Officer says he was fired over residency law

Posted Oct. 31, 2009, at 12:03 a.m.
Last modified Jan. 30, 2011, at 12:10 p.m.

LINCOLN, Maine — Town officials fired police Officer Chad Chubbuck earlier this week because he would not comply with a town residency requirement that mandated he live within 15 miles of town lines, he said late Thursday.

“We left on peaceful terms,” Chubbuck said in a telephone message. “They have the policy and basically I violated it. … That’s the whole story.”

Town Manager Lisa Goodwin again declined to comment on the matter Friday, citing personnel concerns.

Chubbuck moved from town to Milford because his wife got a new job in Bangor. The move, he said, was more convenient for her and her work travel requirements.

“Milford provided us with a place that was halfway in between, timewise. I was disappointed to leave Lincoln but look forward to future opportunities,” Chubbuck said.

The termination did not come without extensive communication on both sides.

Chubbuck had disputed with the Town Council the town’s residency requirements, appearing before the council during at least one council meeting. He had applied for a waiver, which other officers had received previously, and was rejected.

The council also chose not to amend the policy, citing the need for officers to live in or close to town in case of an emergency.

Chubbuck earned several commendations during his time on the job. He was making a routine check at FASTCO Corp. off West Broadway on April 24, 2008, when he saw two men loading scrap metal into a maroon van.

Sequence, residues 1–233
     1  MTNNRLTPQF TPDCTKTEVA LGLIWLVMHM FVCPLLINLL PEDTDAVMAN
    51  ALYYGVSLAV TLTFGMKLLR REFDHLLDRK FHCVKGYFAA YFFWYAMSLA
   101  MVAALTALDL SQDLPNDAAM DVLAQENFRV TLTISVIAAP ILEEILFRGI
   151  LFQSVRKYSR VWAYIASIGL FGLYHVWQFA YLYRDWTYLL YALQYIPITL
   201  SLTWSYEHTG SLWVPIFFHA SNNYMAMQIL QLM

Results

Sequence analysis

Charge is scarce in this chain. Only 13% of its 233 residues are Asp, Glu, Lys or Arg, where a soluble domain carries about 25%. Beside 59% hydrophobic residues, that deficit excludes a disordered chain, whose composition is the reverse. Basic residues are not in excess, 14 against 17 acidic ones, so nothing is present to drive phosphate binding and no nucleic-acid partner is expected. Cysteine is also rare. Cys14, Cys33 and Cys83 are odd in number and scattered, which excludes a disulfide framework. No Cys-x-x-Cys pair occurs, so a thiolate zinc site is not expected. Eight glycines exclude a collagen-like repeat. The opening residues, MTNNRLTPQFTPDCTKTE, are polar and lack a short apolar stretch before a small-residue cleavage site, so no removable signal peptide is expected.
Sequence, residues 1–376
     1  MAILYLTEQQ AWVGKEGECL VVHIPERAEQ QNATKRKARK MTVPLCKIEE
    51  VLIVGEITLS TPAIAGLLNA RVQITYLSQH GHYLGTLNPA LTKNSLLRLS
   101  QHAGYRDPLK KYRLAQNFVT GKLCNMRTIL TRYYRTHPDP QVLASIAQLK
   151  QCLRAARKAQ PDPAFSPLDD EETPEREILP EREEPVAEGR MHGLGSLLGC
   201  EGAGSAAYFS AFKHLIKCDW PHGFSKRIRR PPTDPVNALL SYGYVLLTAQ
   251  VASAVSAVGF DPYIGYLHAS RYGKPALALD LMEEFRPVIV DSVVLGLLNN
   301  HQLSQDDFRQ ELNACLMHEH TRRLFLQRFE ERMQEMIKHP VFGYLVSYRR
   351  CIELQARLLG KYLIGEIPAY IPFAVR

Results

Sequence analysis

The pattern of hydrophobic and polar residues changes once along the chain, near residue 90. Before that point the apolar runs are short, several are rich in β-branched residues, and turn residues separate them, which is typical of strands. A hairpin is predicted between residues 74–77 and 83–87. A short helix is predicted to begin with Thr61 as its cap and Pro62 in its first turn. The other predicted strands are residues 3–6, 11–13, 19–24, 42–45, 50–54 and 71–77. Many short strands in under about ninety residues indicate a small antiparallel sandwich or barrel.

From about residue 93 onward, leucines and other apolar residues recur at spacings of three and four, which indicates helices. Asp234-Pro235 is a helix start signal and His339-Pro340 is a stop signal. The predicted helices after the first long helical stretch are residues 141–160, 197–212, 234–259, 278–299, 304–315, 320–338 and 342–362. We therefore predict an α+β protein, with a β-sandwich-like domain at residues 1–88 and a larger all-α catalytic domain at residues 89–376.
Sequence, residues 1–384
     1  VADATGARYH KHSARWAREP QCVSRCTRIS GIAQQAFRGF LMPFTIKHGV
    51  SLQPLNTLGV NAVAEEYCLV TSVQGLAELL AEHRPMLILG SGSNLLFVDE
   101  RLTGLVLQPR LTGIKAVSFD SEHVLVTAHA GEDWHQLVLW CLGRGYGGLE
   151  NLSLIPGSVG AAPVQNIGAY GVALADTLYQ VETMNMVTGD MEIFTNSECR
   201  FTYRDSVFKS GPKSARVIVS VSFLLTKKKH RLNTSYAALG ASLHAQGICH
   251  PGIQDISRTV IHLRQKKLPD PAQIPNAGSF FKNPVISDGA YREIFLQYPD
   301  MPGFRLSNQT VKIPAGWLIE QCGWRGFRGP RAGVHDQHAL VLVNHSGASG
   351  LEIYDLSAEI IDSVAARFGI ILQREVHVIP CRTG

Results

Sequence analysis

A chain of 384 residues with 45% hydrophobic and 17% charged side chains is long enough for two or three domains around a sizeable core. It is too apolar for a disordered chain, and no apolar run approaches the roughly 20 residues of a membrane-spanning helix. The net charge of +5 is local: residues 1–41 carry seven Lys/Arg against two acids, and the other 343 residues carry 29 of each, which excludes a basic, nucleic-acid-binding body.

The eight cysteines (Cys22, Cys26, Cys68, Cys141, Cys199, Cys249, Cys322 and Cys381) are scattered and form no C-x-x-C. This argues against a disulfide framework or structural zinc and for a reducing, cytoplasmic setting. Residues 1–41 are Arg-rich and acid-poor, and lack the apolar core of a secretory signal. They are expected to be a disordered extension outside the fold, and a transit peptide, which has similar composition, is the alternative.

After investigating, Chubbuck charged the two men with theft and violation of the conditions of release. Chubbuck and one of the business’s owners, Scott Smith, estimated the two men were in the middle of stealing $300 worth of metal.

Smith and his brother Alan, a co-owner of the business, praised Chubbuck and Lincoln police for their efforts. The 21-year-old company, which helps power plants design, build, repair and install the equipment they depend on, had been burglarized about a half-dozen times over the previous six months, Scott Smith said.

Chubbuck also helped locate a missing 6-year-old girl in May 2008 and was the lead investigator in the probe of a local couple who had passed bad checks in at least seven Penobscot County towns in March 2009.

Chubbuck is searching for a new job, and Goodwin has said she hopes to begin looking for his replacement within a few weeks. Chubbuck’s slot on the police roster will be filled by current and reserve officers working overtime, she said.

Lincoln also has launched a second search for a new police chief to replace William Flagg, a Milford resident who resigned Aug. 25 to take a full-time but temporary position with the Penobscot County Sheriff’s Department, his former department, as a patrol officer. He has said he hopes eventually to secure a teaching position in law enforcement.

Lincoln’s first chief search drew only six candidates, Goodwin said.

A former state police officer, Fire Chief Phil Dawson is filling in for Flagg.

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